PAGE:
The Search for a Healthier, More Meaningful Way to Work

The Search for a Healthier, More Meaningful Way to Work

The pandemic has exacerbated mental health issues in Canada, and highlighted the growing imbalance between our professional and personal lives
Heather Russek
Collaborator, Innovation Design + Futures
Jessica Thornton
Collaborator
Darren Elias
Collaborator
February 10, 2021
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Mental health challenges have been on a steady rise among Canadians in recent years, a trend that has been exacerbated by COVID-19. While there are many causes of poor mental health, a primary cause is related to work stress, and the growing imbalance between our professional and personal lives. To manage our mental well-being, many Canadians are focusing on “self-care,” physical activity, meditation, and other wellness rituals, while some are choosing to live more minimally and work less.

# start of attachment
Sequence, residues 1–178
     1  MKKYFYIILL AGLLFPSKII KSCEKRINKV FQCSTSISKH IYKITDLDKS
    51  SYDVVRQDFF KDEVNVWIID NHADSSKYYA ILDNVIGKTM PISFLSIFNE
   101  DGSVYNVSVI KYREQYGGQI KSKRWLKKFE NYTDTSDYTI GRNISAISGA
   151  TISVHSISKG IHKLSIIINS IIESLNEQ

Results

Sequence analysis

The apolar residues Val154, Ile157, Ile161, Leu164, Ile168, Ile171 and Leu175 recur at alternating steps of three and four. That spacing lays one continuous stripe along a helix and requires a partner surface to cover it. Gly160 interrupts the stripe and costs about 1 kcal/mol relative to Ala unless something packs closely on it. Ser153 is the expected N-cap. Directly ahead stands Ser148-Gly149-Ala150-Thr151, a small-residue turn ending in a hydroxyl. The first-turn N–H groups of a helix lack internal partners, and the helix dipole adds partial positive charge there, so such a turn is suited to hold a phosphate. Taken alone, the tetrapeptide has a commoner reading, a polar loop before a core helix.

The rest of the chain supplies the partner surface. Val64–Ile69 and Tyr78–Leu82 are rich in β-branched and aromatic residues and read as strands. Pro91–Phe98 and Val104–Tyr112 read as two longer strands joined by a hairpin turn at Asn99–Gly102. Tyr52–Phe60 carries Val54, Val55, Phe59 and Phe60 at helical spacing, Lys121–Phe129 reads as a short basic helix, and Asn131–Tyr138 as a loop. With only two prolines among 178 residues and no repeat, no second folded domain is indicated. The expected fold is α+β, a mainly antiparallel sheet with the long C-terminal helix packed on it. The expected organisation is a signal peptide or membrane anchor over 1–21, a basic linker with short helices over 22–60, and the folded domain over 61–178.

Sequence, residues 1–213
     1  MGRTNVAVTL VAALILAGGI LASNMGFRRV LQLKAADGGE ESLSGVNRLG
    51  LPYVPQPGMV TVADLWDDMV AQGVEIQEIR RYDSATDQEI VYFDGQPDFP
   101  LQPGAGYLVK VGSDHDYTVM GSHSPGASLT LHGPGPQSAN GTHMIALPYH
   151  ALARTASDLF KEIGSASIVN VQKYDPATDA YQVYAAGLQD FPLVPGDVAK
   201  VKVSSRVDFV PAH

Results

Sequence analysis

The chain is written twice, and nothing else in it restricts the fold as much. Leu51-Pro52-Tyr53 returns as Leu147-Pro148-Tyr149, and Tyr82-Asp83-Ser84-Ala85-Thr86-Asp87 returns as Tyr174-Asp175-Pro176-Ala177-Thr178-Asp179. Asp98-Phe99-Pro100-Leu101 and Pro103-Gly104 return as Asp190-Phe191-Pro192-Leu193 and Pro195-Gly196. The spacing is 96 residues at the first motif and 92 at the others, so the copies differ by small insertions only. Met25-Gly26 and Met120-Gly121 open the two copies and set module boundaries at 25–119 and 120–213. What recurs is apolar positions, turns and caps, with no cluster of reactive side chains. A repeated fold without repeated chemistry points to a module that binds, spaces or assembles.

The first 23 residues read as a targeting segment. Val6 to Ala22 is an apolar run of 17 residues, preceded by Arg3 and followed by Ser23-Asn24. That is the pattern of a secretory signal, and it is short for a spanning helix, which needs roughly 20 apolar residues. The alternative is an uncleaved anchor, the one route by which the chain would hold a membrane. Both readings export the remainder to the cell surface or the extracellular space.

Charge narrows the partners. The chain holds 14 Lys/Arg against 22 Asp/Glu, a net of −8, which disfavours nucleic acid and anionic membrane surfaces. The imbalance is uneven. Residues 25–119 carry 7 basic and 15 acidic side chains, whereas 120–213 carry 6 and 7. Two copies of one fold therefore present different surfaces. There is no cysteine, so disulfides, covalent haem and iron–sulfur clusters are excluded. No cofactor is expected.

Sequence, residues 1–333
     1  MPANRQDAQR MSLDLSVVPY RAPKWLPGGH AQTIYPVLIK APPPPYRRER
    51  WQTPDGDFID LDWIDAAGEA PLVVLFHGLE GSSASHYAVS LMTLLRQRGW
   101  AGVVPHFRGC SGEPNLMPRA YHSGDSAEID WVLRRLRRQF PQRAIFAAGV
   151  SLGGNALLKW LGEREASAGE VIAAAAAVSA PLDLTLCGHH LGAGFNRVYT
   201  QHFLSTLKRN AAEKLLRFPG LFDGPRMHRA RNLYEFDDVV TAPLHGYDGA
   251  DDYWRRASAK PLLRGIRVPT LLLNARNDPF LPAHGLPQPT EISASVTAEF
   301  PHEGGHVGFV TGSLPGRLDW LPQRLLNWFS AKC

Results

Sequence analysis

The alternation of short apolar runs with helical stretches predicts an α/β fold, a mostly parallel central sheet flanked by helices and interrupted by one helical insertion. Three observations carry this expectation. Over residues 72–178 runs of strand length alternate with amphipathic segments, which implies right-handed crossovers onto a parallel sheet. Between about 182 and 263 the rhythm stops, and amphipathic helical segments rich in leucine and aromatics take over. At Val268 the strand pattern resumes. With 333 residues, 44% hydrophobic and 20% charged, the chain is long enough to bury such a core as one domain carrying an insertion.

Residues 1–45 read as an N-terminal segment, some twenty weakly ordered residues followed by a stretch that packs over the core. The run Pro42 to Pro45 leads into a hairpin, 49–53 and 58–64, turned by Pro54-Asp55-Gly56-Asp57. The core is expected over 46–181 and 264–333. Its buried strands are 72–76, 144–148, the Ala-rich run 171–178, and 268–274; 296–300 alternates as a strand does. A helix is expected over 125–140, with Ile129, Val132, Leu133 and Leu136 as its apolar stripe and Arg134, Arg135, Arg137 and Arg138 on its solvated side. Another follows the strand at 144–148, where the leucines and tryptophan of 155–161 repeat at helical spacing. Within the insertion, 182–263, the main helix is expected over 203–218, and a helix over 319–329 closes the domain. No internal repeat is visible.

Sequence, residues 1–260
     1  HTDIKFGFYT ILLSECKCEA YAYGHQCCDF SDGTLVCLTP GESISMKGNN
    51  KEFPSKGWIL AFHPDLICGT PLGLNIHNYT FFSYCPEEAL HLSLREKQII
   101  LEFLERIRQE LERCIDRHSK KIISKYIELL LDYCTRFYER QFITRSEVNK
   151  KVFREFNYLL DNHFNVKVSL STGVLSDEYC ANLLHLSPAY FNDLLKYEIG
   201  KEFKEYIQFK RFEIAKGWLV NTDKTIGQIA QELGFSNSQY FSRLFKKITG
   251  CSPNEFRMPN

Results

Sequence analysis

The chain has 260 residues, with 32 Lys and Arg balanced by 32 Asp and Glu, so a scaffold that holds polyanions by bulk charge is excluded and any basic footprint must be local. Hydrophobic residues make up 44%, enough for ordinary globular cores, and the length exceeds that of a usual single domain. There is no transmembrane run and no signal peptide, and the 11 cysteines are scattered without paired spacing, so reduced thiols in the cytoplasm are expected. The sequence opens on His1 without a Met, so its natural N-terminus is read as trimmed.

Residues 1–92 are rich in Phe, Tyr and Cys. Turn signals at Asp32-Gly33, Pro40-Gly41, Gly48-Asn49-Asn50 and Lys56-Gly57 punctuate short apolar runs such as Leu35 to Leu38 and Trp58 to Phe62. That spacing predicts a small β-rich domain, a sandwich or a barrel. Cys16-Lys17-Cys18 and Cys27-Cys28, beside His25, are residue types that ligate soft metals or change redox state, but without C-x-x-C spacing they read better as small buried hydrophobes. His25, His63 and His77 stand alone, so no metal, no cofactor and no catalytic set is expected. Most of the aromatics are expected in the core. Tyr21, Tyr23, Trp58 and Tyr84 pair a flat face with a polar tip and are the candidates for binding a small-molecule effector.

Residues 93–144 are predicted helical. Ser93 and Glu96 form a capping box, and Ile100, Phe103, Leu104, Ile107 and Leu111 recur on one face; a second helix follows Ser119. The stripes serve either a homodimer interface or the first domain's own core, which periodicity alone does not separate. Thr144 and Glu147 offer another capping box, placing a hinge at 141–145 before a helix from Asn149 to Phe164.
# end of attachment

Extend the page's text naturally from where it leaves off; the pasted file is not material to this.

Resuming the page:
In our new report, Yesterday’s Gone: Exploring possible futures of Canada’s labour market in a post-COVID world, produced in partnership with the Future Skills Centre, we’ve identified 34 meso-trends that could impact the future work in Canada. This report uses futures research and expert workshops to explore a broad range of trends—many of which have been accelerated, disrupted, or created by COVID-19—that have the potential to impact Canada’s labour market over the coming decade. This report is not meant to be a comprehensive overview, a prediction of the future, or a deep analysis of any one trend. It’s meant to explore and consider the potential for different trends to interact in ways that are not always obvious, as well as how these trends may impact populations and demographic groups differently. Here, we explore four meso-trends related to finding meaning and well-being that could shape Canada’s labour market in the decade ahead.